Baseball scavenger hunt
May 25, 2012 3:15 PM   Subscribe

Baseball puzzlers: I'm tasked with creating some sort of trivia/scavenger hunt to get people to walk through a baseball themed art exhibit. I'm looking for interesting alternatives to a typical scavenger hunt, the more baseball themed the better.

Specifically, I'm trying to find interesting paper and pencil based puzzles people can play, with answers and clues existing in an exhibit of old baseball ephemera, collectibles, signage, etc.

The easiest approach will simply be a combo of plays on "I spy" games (ie, what color uniform was the guy in X exhibit wearing?) and general trivia inspired by team names, years, etc. that are included in the exhibit, but I'm wondering if there are ideas or examples of other puzzles in the vein of a scavenger hunt where people are collecting info instead of physical items.

If they exist, I'd also like to perhaps tie in any paper and pencil based baseball games or puzzles - the sort that you'd see in Games Magazine, or perhaps played during detention.

I know, this is vague, but looking for some inspiration.

And before anyone suggests it... photos are not allowed to be taken inside the exhibit, so a photo scavenger hunt is out of the question.
posted by Unsomnambulist to Sports, Hobbies, & Recreation (6 answers total) 2 users marked this as a favorite
Best answer: Fact vs fiction:
Identify which of the following are real baseball player names/nicknames and which are made up.
(gives you a chance to highlight some of the great funny names/nicknames, and to make up some funny ones too) Can do the same thing for real team names, mascots, factoids about specific players, records for certain stats, ...

Place the team name on a map (you give a map with dots A, B, C, etc, and team names like Mudhens etc, so they have to figure out the town name and also where that town is).

Common element:
List of teams/players etc - What do these teams/players etc have in common? (year founded, years active, they all once played for same team, they all were teams a certain player played for)

Find the letters:
You could choose a thematically appropriate word or words, print out the letters to spell it in a distinctive font, and hide them within the exhibits. Patrons have to identify where in the exhibit each letter is hidden. (You could choose whether to tell them in advance what word/s they are spelling out.)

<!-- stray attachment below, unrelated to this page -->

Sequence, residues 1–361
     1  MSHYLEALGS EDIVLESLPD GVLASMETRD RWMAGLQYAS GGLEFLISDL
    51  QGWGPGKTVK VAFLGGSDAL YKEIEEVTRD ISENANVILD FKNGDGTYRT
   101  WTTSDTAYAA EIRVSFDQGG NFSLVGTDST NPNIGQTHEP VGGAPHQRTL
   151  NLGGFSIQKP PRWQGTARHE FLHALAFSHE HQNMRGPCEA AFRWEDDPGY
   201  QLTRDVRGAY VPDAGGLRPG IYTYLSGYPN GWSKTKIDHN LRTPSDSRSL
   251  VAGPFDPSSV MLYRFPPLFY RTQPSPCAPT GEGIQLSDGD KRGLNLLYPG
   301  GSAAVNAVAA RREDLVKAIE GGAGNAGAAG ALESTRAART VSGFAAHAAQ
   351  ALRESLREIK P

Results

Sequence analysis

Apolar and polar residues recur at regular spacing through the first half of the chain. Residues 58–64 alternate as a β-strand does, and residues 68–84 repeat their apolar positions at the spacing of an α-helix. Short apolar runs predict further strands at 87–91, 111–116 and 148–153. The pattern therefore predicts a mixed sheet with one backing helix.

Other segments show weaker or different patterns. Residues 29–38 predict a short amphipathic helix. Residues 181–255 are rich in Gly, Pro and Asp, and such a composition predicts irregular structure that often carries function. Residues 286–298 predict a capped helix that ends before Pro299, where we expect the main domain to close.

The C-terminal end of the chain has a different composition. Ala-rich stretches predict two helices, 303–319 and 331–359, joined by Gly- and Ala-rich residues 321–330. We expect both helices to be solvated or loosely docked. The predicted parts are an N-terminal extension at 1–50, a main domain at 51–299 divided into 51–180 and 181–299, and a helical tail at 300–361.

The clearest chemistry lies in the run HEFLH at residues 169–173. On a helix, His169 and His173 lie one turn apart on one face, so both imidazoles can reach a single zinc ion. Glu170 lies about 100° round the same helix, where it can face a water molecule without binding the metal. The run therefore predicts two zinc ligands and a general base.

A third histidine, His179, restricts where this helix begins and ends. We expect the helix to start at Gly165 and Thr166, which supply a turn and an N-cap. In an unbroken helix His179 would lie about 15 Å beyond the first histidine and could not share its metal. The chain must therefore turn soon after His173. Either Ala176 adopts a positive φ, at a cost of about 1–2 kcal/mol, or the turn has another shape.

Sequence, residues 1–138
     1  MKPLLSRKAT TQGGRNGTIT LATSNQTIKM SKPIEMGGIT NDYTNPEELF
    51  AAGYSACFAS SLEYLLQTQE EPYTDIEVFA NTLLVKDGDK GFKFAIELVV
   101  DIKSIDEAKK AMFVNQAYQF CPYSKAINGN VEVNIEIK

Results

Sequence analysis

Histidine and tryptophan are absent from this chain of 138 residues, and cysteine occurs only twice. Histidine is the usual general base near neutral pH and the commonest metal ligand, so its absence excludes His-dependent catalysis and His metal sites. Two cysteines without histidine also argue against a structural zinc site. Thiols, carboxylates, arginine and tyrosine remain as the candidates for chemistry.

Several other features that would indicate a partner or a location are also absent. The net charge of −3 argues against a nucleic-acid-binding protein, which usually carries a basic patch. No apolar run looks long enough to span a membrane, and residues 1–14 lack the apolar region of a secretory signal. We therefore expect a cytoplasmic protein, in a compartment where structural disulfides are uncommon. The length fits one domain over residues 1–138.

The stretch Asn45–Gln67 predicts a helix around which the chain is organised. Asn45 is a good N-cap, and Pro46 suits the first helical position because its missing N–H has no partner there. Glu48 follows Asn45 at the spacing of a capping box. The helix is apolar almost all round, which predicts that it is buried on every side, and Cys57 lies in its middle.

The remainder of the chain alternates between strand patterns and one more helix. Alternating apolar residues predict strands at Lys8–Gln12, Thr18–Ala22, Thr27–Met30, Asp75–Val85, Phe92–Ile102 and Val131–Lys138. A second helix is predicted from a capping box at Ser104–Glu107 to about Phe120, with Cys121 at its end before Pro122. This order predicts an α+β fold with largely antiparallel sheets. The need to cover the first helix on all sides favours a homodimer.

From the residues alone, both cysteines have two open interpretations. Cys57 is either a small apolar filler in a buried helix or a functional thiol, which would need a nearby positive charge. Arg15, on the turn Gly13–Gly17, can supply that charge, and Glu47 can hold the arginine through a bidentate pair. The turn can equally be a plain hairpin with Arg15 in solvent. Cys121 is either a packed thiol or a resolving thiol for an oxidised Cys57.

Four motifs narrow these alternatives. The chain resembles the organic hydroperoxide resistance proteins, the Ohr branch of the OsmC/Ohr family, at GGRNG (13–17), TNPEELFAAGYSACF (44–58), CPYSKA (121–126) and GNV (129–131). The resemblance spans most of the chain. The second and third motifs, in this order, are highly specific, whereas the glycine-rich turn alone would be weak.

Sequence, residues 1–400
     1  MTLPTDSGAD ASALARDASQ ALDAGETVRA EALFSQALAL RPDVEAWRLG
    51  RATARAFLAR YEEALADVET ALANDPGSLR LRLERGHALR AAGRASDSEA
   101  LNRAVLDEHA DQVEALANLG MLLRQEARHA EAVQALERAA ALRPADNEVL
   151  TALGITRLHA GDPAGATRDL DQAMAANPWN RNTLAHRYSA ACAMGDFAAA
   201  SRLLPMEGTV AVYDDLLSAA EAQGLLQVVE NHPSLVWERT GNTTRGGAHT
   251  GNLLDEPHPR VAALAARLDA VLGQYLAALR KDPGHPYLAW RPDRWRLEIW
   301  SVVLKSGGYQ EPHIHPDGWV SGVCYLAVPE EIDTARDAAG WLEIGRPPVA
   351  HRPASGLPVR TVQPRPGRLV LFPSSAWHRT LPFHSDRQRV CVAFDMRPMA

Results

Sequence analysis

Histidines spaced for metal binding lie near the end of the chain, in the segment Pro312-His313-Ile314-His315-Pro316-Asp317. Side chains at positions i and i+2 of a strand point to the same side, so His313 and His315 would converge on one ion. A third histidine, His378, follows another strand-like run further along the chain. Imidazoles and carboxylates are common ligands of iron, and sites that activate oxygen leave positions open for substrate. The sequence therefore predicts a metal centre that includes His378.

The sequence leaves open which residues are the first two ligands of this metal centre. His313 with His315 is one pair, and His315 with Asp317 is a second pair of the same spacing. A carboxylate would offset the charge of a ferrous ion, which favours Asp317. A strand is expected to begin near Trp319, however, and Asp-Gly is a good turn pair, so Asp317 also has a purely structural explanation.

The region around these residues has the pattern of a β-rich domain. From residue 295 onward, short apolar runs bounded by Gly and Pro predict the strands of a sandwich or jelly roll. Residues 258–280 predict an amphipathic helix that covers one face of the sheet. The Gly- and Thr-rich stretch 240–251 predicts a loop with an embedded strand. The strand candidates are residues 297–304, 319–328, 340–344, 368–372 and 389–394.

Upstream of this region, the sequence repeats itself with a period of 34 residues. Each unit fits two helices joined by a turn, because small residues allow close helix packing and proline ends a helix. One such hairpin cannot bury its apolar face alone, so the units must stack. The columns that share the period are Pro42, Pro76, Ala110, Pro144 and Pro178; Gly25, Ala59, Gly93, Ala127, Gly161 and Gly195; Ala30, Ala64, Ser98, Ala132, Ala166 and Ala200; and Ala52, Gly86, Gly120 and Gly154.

You could make the puzzles as a whole have a "9 inning" structure, and make certain items worth more points - eg you would need to get 4 easy puzzles right to earn a run, but a super-hard puzzle might give you a grand slam (4 runs).
posted by LobsterMitten at 4:24 PM on May 25, 2012 [1 favorite]

Best answer: I'm not totally clear on what's in your exhibit, but if you can get your hands on something like this book it might be a source of inspiration. It also might be too arcane for general audiences.

There's some mileage to be had out of keeping score. You might have to tell people how to do it (hah, the officially sanctioned method is the way I do it--little wonder, I learned off the back of a Cubs scorecard). But if you've conveyed that information somehow, you can make little number puzzles relying on the numbers of the positions. Or, if you've got a recording of a play, you could have people score it. That's all I've got for paper and pencil things, really.

Here's a page about how the rules have changed over time.

Have any baseball cards with bizarre misprints in the exhibit? (I have a card that says Spokane is in WV, for example.)
posted by hoyland at 4:25 PM on May 25, 2012

Best answer: You could also create a mystery they have to solve, or a Mad-Libs type story they are filling in, where the clues they collect from the exhibits add up to a larger thing. That would take some more doing, though it could be super cool if done well.
posted by LobsterMitten at 4:26 PM on May 25, 2012

Are your patrons likely to be adults or kids?
People who already know about baseball and like it, or people who don't know about it?
People who have some other interest (eg graphic arts, history of a certain geographic area) that you want to tie into?
posted by LobsterMitten at 5:07 PM on May 25, 2012

Response by poster: Mostly adults, most likely of an average population - the draw isn't the baseball exhibit, which is somewhat incidental (thus the need for the scavenger hunt/game as an incentive for people to check it out).
posted by Unsomnambulist at 9:58 PM on May 25, 2012

Tom Swifties are a fun sort of punny puzzle. You can make the answers depend on trivia found in the exhibits.

"We need that slugger. Let's buy him from the Red Sox, no matter what the cost," the 1919 Yankees owner said r_______ly (10)

"38 Studios is not in trouble," the ex-Diamondback said c___ly (6)

"I'm not sure I like our team colors," the Kansas City player said b___ly (6)
posted by painquale at 2:54 PM on May 26, 2012

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